Through a formal notification published to Congress, the U.S. State Department expressed it doesn’t have any qualms over the potential sale of 18 Super Hornets to Canada. The contract would cost an estimated 5.23 billion USD that amounts closer to 6.37 billion CAD.
This price tag is inclusive of the weapons, software, training, spare parts, and other relevant costs associated with getting the jets ready for service. Hangar upgrades, maintenance, and long-term support are not included.
The Liberals expressed their wish to buy the Super Hornet fighter jets to shore up the aging fleet of CF-18s in the Royal Canadian Air Force last year. However, even if the Congress gives the deal a go-ahead, there is no assurance of the fact that the Trudeau government will actually purchase the Super Hornets from the US.
The U.S. State Department issued a notification, which highlighted the fact that the purchase of Super could “improve Canada’s capability to meet current and future warfare threats and provide greater security for its critical infrastructure.”
It further expressed that the contract doesn’t pose any threats that could “alter the basic military balance in the region” and that the Canadian military can easily operate the Super Hornets together with their CF-18s without trouble.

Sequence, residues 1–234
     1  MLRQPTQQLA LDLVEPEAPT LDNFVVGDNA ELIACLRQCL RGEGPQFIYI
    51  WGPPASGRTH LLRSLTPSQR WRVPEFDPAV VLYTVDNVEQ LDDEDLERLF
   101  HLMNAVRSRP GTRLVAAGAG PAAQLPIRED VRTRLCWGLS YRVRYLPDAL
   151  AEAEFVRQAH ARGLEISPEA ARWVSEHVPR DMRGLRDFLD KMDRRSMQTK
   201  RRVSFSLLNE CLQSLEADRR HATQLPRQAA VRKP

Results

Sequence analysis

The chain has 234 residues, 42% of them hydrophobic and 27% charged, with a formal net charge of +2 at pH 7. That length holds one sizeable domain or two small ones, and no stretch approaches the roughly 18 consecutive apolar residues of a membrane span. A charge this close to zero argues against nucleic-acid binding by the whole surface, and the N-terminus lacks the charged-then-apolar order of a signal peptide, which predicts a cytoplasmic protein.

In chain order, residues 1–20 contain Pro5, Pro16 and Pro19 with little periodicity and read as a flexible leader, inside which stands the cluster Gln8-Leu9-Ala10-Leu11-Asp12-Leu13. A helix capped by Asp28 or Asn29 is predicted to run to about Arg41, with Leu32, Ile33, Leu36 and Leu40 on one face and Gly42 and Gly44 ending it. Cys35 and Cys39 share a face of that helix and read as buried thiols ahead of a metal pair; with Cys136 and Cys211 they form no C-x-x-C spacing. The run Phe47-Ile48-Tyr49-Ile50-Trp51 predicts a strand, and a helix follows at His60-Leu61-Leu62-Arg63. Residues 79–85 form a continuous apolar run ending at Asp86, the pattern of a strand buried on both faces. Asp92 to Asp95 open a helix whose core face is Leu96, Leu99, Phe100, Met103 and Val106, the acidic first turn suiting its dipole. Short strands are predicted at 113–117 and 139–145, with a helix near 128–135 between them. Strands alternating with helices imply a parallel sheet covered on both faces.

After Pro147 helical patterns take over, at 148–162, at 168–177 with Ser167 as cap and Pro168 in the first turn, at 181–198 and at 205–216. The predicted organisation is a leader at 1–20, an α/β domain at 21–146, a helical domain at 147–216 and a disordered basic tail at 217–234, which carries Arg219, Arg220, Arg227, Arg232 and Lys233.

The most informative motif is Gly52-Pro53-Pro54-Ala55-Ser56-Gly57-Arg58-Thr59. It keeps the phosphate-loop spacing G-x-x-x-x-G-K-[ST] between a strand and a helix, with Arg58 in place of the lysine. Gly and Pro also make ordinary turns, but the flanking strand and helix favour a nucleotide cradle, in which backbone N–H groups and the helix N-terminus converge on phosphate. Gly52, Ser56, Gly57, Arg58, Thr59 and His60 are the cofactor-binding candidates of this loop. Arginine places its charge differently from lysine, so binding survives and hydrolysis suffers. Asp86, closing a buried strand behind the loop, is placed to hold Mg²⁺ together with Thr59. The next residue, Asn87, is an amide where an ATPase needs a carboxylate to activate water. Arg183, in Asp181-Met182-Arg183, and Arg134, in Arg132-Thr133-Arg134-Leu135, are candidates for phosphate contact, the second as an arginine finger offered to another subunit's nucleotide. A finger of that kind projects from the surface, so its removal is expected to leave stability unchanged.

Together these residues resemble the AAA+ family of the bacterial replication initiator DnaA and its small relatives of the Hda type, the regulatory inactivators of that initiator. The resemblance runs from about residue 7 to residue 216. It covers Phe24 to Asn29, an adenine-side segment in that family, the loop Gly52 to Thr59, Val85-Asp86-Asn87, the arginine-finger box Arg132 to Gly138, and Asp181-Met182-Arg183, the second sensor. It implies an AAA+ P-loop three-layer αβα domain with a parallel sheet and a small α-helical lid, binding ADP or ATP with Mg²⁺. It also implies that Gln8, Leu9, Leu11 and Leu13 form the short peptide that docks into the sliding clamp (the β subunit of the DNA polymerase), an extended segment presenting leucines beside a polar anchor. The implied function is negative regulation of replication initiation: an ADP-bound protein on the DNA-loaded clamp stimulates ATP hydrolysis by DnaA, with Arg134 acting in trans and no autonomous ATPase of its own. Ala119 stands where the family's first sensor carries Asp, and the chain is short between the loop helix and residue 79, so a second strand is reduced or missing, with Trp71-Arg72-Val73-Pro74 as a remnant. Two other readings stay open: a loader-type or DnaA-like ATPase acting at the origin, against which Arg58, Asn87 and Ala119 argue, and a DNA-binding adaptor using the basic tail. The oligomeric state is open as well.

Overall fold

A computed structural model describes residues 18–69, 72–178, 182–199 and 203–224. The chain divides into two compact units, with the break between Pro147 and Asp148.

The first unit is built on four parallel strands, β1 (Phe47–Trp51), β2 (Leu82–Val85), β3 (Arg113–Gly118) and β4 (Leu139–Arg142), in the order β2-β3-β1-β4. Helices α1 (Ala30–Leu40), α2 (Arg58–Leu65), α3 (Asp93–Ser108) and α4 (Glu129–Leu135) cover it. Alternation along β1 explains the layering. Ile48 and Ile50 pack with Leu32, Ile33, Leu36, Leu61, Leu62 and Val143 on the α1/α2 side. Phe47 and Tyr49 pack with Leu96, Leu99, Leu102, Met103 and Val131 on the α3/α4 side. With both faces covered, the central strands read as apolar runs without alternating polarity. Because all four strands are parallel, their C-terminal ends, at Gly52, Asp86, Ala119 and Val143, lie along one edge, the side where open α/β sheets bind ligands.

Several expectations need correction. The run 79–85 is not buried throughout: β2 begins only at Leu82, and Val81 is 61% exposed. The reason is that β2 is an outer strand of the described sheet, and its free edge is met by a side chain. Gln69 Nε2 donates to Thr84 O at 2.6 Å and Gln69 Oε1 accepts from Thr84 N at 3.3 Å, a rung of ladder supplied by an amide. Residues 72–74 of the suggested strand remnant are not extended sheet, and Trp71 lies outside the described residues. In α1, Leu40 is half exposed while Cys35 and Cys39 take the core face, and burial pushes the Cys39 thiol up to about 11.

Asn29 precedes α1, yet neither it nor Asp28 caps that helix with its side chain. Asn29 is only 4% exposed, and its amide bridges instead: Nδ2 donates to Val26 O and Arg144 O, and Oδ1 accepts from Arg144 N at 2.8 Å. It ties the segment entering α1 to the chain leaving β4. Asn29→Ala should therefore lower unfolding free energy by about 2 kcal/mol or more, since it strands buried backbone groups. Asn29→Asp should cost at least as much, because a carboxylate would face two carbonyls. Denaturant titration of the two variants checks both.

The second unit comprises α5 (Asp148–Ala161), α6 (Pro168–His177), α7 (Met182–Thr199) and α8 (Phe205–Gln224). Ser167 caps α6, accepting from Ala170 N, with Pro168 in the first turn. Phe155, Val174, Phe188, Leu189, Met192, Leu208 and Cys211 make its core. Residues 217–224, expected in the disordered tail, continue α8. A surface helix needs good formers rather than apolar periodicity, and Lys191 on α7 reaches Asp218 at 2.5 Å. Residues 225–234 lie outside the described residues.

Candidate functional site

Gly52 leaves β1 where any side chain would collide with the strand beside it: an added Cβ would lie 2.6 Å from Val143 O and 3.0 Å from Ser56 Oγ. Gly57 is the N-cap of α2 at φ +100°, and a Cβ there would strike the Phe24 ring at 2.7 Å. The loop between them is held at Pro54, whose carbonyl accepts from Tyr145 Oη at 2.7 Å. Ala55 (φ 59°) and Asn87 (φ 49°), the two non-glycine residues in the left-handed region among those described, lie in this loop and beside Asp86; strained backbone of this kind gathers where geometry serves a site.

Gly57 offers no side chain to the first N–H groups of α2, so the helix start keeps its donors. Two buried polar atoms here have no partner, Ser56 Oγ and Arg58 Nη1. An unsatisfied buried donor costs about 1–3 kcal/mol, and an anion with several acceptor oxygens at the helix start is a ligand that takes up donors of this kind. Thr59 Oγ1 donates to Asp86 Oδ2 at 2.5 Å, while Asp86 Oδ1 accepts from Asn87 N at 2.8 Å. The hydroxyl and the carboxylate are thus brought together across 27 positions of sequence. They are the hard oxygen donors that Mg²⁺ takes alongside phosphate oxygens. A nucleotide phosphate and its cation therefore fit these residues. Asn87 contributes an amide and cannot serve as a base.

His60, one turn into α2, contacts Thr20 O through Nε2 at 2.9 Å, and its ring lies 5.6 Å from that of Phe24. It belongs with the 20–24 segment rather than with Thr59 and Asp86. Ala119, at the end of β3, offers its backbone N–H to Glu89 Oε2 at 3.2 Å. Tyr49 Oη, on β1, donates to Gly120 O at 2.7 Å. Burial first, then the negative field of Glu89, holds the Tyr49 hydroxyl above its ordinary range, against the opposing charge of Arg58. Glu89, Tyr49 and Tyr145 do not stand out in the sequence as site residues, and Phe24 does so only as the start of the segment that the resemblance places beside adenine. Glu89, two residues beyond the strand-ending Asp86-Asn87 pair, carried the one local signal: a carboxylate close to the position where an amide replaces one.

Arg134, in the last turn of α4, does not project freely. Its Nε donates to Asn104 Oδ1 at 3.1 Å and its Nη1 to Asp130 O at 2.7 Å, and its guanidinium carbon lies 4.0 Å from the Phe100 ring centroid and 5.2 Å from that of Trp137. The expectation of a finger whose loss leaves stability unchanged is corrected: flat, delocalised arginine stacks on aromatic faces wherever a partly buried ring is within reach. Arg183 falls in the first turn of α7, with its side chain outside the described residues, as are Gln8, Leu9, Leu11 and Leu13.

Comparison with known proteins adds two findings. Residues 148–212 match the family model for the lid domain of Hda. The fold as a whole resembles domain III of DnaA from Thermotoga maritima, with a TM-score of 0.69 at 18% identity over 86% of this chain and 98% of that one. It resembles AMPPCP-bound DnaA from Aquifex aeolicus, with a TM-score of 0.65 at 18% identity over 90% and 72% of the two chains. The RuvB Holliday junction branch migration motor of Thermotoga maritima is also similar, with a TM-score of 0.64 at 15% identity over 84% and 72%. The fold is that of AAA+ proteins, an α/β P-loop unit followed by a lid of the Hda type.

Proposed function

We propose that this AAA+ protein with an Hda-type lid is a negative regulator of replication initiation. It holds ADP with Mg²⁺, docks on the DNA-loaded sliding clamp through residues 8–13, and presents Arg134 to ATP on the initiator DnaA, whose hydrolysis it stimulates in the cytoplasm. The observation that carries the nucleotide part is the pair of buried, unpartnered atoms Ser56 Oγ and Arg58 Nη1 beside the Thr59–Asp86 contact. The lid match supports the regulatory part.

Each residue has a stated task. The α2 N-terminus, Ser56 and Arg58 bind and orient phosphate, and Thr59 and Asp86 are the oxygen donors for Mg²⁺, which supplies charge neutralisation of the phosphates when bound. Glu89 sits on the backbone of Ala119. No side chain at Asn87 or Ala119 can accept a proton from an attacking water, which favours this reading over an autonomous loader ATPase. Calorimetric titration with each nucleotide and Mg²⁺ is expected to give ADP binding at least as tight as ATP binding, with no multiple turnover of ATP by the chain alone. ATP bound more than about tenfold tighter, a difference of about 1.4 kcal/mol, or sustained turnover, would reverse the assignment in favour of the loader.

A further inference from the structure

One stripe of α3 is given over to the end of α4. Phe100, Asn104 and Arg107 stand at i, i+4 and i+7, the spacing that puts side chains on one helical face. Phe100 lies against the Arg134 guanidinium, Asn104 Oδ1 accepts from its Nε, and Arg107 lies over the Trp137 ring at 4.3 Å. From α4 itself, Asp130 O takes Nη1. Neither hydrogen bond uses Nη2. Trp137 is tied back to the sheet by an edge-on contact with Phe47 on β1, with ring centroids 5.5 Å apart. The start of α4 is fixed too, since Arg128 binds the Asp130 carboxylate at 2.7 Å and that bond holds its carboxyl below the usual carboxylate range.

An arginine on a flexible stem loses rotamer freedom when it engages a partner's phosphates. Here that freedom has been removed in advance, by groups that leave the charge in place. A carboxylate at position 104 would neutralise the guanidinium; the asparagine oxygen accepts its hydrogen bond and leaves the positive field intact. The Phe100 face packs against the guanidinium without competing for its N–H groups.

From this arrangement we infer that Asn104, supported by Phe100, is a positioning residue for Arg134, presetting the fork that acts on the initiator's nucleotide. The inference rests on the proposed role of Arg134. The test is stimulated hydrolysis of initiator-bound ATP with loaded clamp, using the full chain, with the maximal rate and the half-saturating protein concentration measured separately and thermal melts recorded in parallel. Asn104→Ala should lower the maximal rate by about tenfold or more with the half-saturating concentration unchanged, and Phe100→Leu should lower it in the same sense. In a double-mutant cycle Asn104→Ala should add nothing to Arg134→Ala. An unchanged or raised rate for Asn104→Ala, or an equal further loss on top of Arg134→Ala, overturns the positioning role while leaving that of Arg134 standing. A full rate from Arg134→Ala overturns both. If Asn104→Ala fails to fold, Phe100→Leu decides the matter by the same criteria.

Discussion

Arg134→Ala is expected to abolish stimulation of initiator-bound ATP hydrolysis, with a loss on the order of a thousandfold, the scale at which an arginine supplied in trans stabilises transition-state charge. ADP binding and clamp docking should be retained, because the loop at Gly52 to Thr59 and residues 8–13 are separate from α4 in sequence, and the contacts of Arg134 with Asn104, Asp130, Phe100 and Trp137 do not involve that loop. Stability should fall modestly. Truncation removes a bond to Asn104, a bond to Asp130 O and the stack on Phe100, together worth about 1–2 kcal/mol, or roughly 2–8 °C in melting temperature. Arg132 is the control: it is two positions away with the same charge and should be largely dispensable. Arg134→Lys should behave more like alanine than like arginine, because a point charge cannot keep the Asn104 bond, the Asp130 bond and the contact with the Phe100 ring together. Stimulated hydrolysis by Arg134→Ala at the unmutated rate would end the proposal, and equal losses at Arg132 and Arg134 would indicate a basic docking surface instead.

It was back in November 2016 that the Liberals mentioned their plans of purchasing 18 Super Hornets to overcome the fighter jet shortage provisionally, until they can run a full replacement of the entire CF-18 fleet of the Royal Canadian Air Force starting 2019.
However, according to the office of Defence Minister Harjit Sajjan, the Liberals are not likely to take any decisions on the purchase of these jets until they receive a formal proposal for it from the U.S. government.
In an email, the Defence Ministry spokesperson Jordan Owen also said, “…at that time, we will be better positioned to assess how we can best meet the Royal Canadian Air Force’s needs.”
Emmy Skylar started working for Debate Report in 2017. Emmy grew up in a small town in northern Manitoba. But moved to Ontario for university. Before joining Debate Report, Emmy briefly worked as a freelance journalist for CBC News. She covers politics and the economy.